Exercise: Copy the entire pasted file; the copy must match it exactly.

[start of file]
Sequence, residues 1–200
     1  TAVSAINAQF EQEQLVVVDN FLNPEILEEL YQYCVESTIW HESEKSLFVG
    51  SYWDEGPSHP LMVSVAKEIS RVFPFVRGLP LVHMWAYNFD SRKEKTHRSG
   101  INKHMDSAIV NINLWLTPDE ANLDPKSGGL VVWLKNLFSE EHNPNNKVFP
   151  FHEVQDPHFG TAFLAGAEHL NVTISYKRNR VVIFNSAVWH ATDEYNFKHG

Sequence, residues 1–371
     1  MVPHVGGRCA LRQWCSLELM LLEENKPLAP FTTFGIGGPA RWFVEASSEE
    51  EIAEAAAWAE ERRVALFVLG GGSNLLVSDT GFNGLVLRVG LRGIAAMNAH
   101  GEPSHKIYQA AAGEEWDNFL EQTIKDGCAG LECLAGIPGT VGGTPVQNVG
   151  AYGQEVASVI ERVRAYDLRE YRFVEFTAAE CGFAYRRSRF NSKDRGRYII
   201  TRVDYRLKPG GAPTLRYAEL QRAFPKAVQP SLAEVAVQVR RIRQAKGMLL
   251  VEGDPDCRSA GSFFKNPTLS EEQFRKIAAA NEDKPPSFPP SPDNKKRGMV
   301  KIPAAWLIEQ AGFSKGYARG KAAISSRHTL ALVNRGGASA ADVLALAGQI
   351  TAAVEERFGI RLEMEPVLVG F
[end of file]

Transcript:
Sequence, residues 1–200
     1  TAVSAINAQF EQEQLVVVDN FLNPEILEEL YQYCVESTIW HESEKSLFVG
    51  SYWDEGPSHP LMVSVAKEIS RVFPFVRGLP LVHMWAYNFD SRKEKTHRSG
   101  INKHMDSAIV NINLWLTPDE ANLDPKSGGL VVWLKNLFSE EHNPNNKVFP
   151  FHEVQDPHFG TAFLAGAEHL NVTISYKRNR VVIFNSAVWH ATDEYNFKHG

Sequence, residues 1–371
     1  MVPHVGGRCA LRQWCSLELM LLEENKPLAP FTTFGIGGPA RWFVEASSEE
    51  EIAEAAAWAE ERRVALFVLG GGSNLLVSDT GFNGLVLRVG LRGIAAMNAH
   101  GEPSHKIYQA AAGEEWDNFL EQTIKDGCAG LECLAGIPGT VGGTPVQNVG
   151  AYGQEVASVI ERVRAYDLRE YRFVEFTAAE CGFAYRRSRF NSKDRGRYII
   201  TRVDYRLKPG GAPTLRYAEL QRAFPKAVQP SLAEVAVQVR RIRQAKGMLL
   251  VEGDPDCRSA GSFFKNPTLS EEQFRKIAAA NEDKPPSFPP SPDNKKRGMV
   301  KIPAAWLIEQ AGFSKGYARG KAAISSRHTL ALVNRGGASA ADVLALAGQI
   351  TAAVEERFGI RLEMEPVLVG F